Neuroscience Application to Noncontact Anterior Cruciate Ligament Injury Prevention

Sports Health. 2016 Mar-Apr;8(2):149-52. doi: 10.1177/1941738115619164.


Context: Many factors, including anatomy, neuromuscular control, hormonal regulation, and genetics, are known to contribute to the noncontact anterior cruciate ligament (ACL) injury risk profile. The neurocognitive and neurophysiological influences on the noncontact ACL injury mechanism have received less attention despite their implications to maintain neuromuscular control. Sex-specific differences in neurocognition may also play a critical role in the elevated female ACL injury risk. This report serves to frame existing literature in a new light to consider neurocognition and its implications for movement control, visual-motor function, and injury susceptibility.

Evidence acquisition: Sources were obtained from PubMed, MEDLINE, Web of Science, and LISTA (EBSCO) databases from 1990 onward and ranged from diverse fields including psychological and neuroscience reviews to injury epidemiology and biomechanical reports.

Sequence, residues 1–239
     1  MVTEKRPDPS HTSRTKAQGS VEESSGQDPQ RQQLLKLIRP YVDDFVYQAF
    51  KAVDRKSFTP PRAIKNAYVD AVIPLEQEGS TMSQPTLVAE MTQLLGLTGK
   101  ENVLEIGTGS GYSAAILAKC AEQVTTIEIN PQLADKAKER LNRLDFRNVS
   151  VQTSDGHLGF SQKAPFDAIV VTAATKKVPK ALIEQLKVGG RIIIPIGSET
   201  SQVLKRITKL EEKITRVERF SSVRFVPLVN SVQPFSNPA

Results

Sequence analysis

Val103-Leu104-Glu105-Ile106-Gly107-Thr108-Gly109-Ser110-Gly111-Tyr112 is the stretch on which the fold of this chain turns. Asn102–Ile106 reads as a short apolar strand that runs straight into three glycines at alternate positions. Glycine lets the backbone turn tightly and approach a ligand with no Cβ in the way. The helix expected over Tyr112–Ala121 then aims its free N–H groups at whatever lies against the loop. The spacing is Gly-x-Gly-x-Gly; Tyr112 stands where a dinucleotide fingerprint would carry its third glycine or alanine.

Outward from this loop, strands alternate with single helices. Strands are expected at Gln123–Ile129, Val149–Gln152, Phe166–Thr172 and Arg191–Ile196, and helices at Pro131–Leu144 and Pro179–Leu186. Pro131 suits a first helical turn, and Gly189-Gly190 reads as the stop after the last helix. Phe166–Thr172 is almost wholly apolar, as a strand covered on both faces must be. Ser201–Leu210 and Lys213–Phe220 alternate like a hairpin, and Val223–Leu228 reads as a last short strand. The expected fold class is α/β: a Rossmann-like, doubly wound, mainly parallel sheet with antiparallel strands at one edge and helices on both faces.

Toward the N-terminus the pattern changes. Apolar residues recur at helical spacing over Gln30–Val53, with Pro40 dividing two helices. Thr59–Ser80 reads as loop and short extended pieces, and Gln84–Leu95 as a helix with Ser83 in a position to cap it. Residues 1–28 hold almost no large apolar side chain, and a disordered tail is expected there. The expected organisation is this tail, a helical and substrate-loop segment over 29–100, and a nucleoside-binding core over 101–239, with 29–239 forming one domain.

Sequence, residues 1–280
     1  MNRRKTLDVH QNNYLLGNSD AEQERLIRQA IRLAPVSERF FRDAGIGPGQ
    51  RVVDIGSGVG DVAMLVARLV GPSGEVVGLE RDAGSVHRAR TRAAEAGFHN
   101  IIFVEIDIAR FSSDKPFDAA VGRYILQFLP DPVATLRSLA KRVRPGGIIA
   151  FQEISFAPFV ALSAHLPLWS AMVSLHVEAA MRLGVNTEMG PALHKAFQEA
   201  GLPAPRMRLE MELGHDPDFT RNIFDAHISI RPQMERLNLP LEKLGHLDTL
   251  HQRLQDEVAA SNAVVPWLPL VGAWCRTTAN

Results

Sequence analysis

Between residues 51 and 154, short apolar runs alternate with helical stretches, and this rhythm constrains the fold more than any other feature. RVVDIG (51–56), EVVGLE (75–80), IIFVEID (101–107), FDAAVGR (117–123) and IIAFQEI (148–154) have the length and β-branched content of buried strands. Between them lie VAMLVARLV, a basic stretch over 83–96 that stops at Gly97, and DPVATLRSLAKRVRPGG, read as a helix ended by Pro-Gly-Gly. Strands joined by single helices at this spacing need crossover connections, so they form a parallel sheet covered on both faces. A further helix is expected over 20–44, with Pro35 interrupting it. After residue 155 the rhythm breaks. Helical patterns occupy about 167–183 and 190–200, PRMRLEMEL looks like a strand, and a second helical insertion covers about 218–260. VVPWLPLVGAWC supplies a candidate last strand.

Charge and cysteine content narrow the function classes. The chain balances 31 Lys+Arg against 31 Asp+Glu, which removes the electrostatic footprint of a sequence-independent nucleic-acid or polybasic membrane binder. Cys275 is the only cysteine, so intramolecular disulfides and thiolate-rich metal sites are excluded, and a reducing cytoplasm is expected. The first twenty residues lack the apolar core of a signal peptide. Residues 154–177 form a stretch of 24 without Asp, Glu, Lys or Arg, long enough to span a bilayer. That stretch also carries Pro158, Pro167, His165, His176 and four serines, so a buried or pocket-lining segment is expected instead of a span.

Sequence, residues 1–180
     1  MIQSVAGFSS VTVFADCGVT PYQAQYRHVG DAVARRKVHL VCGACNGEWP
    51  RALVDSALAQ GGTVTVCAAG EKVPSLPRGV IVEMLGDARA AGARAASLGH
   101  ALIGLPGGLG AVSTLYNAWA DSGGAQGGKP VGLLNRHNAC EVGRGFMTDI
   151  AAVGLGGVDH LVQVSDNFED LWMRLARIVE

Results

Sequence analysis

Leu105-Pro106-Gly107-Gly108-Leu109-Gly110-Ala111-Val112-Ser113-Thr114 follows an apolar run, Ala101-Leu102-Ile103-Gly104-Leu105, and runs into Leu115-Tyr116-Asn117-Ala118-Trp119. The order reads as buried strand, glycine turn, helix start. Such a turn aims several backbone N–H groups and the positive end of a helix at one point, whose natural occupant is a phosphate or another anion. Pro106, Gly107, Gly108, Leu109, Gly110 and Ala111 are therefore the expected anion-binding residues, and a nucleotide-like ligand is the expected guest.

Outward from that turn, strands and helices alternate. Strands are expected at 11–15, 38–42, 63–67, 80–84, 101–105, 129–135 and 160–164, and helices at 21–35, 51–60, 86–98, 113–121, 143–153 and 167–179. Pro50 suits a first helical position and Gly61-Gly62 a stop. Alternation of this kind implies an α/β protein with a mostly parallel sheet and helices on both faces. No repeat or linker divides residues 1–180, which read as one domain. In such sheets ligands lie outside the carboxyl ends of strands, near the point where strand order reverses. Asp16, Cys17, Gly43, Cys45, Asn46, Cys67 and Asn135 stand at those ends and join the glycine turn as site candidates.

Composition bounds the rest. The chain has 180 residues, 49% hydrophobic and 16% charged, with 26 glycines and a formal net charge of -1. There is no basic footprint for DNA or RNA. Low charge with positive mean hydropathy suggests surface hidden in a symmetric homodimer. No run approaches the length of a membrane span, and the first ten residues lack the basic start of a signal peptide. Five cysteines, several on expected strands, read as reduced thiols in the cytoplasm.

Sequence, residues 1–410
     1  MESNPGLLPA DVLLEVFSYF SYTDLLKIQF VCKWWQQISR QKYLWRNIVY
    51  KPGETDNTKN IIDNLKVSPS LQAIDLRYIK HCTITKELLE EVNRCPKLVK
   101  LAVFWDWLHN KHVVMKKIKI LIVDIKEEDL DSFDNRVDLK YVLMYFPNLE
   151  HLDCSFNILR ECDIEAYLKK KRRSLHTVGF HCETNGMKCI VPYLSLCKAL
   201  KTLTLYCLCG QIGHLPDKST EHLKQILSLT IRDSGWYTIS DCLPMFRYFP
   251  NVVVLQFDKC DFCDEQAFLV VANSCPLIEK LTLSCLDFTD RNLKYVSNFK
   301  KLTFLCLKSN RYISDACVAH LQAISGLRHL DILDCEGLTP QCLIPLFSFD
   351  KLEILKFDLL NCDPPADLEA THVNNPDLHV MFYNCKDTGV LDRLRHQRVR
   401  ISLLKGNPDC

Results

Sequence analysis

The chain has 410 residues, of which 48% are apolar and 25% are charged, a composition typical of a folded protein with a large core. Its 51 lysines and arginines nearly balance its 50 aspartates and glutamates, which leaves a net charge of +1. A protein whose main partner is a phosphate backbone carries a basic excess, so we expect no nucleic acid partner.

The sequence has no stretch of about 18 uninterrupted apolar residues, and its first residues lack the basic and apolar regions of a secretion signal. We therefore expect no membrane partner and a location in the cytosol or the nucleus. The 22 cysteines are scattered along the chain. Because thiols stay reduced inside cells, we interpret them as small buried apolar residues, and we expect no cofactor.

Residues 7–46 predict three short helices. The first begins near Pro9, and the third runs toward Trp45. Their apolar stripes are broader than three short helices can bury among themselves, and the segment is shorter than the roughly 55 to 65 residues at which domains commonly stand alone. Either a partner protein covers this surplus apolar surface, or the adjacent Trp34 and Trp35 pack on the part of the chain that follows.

Study design: Clinical review.

Level of evidence: Level 5.

Results: Neurological factors may contribute to the multifactorial ACL injury risk paradigm and the increased female injury susceptibility.

Conclusion: When developing ACL injury prevention programs, considering neurocognition and its role in movement, neuromuscular control, and injury risk may help improve intervention effectiveness.

Publication types

  • Review

MeSH terms

  • Anterior Cruciate Ligament Injuries / physiopathology*
  • Anterior Cruciate Ligament Injuries / prevention & control*
  • Anterior Cruciate Ligament Injuries / psychology
  • Cognition / physiology*
  • Female
  • Humans
  • Male
  • Motor Skills / physiology
  • Movement
  • Muscle, Skeletal / innervation
  • Muscle, Skeletal / physiopathology*
  • Risk Factors
  • Sex Factors